We are in an election year, and in a war. This means that "the men and women in uniform protect our rights and freedoms" will be said even more than they are usually.
I find that statement troublesome.
They protect our country. Yes, there was the Civil War. And yes, the National Guard was sent in during the civil rights movement in some cases to help protect people. And yes, every member of the armed forces swears to uphold and defend the Constitution of the United States.
But I don't have the Marines to thank for me being able to walk into a voting booth as much as I have Susan B. Anthony, Elizabeth Cady Stanton, and a lot of other women (and men) who worked long and hard -- in some cases facing imprisonment and physical punishment -- for the passage of the Nineteenth Amendment. And what about the civil rights workers in Mississippi? Many of them paid a very heavy price so that voting would be available to citizens across the state, not just whites. It was not the Army going into those county courthouses helping people to register.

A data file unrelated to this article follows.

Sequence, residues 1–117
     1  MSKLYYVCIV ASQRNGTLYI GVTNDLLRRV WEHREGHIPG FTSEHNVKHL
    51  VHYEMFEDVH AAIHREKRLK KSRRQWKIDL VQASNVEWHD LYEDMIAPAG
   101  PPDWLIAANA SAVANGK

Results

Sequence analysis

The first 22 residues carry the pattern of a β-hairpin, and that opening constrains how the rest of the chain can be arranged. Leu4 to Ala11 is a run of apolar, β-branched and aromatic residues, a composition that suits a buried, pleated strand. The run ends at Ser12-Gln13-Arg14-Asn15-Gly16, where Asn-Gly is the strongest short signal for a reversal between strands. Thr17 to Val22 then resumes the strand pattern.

I don't have the Navy to thank for being able to stand on a soapbox -- even electronically -- and spout whatever unpopular opinion comes into my head. I have the Framers of the Constitution, and many Supreme Court Justices throughout the past 200 years to thank for creating and then protecting that right.
As I said, do not misunderstand me. Members of the armed services perform invaluable duties in keeping the nation physically safe, and I recognize that. I think as a nation we give lip service to how much we value our veterans but treat them like dirt through inadequate funding of veterans' services.
However, the job of "protecting freedom" belongs to every citizen of the realm. Subcontracting that job to the military is irresponsible. It is also unfair.
Don't they have enough to do already?